Clitorises come in all shapes and sizes — just like people — and having an abnormally large clit is not necessarily a sign that something is “wrong” with you.

Read on to learn more about clitoromegaly, how it presents, why it occurs, and how to make informed decisions about the trait if you have it.

Things To Know

What Is An Enlarged Clitoris (Cliteromegaly)?

An enlarged clitoris, also known as clitoromegaly {clit·or·o·meg·a·ly} [klĭt′ə-rō-mĕg′ə-lē] or a macroclitoris, refers to a clitoris that is larger than average.

If you’re wondering exactly what that means, one study found that the average size of a clitoris (including gland and body) is 18.5mm (its width times its length).

Enlargement of the clitoris is typically congenital, meaning that a person has had it since birth, but steroid or hormonal changes can cause it to occur later in life, as we’ll talk about later on.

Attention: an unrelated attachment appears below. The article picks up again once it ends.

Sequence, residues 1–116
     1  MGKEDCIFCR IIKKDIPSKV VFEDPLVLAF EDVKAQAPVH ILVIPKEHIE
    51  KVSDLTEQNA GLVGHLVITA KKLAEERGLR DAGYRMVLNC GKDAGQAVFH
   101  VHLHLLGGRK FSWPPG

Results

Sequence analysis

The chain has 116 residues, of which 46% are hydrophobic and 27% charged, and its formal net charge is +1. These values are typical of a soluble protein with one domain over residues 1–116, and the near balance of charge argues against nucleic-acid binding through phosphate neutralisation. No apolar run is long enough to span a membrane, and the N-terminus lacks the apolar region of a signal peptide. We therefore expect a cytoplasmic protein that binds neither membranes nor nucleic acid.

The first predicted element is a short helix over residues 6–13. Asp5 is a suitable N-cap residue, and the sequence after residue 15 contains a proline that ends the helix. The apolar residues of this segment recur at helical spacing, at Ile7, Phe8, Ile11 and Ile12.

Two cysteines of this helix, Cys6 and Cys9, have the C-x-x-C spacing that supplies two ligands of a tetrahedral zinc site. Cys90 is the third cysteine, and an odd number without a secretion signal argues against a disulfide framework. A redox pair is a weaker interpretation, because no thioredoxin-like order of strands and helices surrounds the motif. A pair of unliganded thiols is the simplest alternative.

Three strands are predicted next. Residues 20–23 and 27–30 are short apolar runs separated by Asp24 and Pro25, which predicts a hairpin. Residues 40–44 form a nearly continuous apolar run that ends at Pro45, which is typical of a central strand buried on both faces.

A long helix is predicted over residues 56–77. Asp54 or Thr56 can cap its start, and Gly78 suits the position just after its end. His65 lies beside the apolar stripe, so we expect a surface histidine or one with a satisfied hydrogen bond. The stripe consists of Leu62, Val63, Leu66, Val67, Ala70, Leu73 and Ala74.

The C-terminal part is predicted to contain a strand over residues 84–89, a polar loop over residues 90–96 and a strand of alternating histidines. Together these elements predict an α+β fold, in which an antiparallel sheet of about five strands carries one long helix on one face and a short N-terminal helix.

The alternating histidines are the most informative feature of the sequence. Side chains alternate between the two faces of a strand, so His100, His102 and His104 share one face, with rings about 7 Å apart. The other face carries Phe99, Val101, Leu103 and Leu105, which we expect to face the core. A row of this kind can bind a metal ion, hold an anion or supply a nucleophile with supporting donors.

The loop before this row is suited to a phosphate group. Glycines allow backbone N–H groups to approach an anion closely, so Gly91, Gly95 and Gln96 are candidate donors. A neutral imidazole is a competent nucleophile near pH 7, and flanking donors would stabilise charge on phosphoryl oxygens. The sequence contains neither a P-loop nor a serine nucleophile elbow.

How To Know If Your Clitoris Is Enlarged

The standard for how to measure clitoromegaly is to consider the length and width of the clitoris itself.

You may have an enlarged clitoris or receive a clitoromegaly diagnosis if the width times the length of your clitoris exceeds 35 millimeters squared.

As we mentioned earlier, the average size of a clitoris is 18.5mm squared.

If your clitoris exceeds 35mm² (width times length) and has been that way for more than one week, it’s a good indication you have an enlarged clitoris.

It’s important to note that clitoral swelling during arousal or after stimulation, however, is common and is not a sign of clitoromegaly.